Temperatures were still at or below the freezing mark at all elevations, but the new snow was already starting to melt off in the valleys thanks to the strong April sun. The mountains were holding their own with respect to the snow however, and I headed right to the Midway Lot and up the Gondola to see what Mansfield had delivered below The Chin. Indeed Mansfield had done its usual business, and a quick probe in untouched snow outside the Cliff House as I put on my skis revealed a nice foot of midwinter powder. I took a first run down Gondolier, and encountered some simply amazing snow along the edges of the trail. The powder petered out to just a few inches in depth by the time I was back down to the Gondola base, but there had been a pretty solid resurfacing on the upper half of the mountain, and it was only the lowest ¼ of terrain that left much to be desired in terms of hitting the old base.
I wasn’t yet sure what I was going to explore with respect to off piste adventures, but back in the Gondola I rode up with a couple that had been in the Nosedive Glades, and another gentleman who had just visited the Kitchen Wall, and it all sounded quite good. Based on the accumulations I’d seen, I didn’t have to second guess any of it and headed right off to the Nosedive Glades from the north. As I headed along the Glades Traverse the realization hit me that we were indeed dealing with April-style visitation numbers at the resort – there was just untracked entry after untracked entry into the glades. Eventually I just had to choose one and I dropped in. The powder was great, with just a little hint of getting thick due to temperatures and sun, with the effect increasing a bit as you lost elevation. I knew that higher would be even better, so I visited the Kitchen Wall area next, and found a solid 10 to 14 inches everywhere I checked.
I went with my Telemark skis today because I wanted to really blast my legs after not skiing for a stretch, and my only regret would be that I was just burning too quickly each run after being off the boards for too long. I’d have to stop and rest them often, but I can’t say it was really all that bad just hanging out in the warm spring sun. A few runs on that Mansfield vertical serviced by high-speed lifts was enough to totally cook my legs, but at least my body got the workout it needed. Hopefully we won’t have to deal with such a period of generally horrible conditions as we’ve seen the past few weeks for quite a while – I can already tell that I’m going to pay for today’s workout and it’s only been a few hours since I finished!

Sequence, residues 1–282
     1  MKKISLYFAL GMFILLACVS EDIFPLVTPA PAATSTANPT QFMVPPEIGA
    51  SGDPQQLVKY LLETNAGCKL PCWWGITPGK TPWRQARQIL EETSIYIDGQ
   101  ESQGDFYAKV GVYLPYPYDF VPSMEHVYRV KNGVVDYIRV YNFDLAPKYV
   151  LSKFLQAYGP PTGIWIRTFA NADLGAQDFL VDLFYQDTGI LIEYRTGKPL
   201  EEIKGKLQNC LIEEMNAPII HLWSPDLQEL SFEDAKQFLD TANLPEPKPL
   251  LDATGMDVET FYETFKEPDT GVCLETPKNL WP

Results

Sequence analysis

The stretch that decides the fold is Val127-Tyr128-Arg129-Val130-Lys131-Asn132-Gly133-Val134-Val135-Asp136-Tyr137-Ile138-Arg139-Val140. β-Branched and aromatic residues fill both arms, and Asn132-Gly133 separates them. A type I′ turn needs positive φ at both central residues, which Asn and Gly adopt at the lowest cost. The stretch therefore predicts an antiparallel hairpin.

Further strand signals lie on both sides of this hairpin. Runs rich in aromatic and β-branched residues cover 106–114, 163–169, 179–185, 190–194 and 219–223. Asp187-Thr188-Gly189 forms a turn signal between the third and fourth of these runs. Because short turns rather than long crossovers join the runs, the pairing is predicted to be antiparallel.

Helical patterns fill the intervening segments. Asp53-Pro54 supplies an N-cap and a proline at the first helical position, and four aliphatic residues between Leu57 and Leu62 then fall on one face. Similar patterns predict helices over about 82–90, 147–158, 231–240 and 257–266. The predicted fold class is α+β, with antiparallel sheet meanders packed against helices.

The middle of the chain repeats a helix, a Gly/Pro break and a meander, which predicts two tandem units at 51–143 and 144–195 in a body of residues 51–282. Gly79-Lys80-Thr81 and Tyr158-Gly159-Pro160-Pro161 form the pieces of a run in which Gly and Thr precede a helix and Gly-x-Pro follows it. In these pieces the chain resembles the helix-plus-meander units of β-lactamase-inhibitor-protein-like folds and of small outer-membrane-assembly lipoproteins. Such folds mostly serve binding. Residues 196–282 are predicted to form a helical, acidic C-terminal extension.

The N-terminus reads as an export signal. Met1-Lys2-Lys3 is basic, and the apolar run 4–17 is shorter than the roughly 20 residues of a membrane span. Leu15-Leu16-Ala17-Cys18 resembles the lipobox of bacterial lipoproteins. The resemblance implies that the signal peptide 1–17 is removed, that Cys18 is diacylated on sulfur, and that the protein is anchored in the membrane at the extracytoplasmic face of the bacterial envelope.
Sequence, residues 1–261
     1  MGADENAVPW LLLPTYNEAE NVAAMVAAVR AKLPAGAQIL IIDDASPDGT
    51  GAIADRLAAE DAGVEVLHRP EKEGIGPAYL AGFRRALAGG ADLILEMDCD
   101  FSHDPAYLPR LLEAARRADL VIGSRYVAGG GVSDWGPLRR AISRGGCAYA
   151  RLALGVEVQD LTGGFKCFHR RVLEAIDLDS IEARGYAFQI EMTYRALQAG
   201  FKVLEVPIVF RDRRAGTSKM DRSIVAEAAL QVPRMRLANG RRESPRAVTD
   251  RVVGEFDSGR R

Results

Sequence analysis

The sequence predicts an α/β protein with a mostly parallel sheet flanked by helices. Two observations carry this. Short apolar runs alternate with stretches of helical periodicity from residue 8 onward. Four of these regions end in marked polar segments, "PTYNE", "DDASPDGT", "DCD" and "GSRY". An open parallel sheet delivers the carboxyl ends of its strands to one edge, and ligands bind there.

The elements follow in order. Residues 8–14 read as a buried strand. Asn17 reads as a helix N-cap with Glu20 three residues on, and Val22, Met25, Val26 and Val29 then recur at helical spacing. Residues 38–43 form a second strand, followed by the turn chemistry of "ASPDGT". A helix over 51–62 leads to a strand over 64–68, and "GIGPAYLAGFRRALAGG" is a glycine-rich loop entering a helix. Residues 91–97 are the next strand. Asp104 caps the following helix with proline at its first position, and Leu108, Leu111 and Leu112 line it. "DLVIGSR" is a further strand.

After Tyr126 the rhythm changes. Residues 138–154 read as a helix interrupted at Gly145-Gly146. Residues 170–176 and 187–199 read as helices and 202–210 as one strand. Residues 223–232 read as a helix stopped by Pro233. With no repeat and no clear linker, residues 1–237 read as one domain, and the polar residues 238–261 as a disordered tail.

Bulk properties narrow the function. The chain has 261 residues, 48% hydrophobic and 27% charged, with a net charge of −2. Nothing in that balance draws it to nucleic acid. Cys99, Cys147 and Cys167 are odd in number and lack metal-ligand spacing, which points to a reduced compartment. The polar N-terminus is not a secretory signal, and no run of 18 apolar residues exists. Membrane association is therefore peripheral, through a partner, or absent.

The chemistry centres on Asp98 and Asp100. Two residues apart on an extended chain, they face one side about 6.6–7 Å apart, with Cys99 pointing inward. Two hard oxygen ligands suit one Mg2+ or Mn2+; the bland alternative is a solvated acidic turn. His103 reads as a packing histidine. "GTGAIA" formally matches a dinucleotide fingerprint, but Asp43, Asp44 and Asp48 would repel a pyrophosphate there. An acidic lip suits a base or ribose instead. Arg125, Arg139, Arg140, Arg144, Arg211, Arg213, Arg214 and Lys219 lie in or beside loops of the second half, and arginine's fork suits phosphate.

The sunny weather and soft spring skiing from yesterday carried right into the second half of the weekend as we visited Stowe this afternoon for the BJAMS ski program. Ken’s tweaked knee from last Sunday was diagnosed as a sprained MCL, so I’ve heard he’ll be off skis for four weeks while it heals. Erica had to do a bunch of shuffling around of today’s groups due to various absences this week, and I actually wound up with a group of 10 students. That’s a substantial group even with both Ken and I to manage it together, but fortunately Big Luke was able to step in for his dad and give us a reasonable ratio of coaches to students. All told then with students and coaches, our group was a dozen strong, and I suspected that anywhere we went with our crazy crew… people were definitely going to know that we were around.
“There’s not too much else to say about today’s skiing – the snow is in spring mode and so are the students, so it’s simply bumps, and jumps… and more jumps.”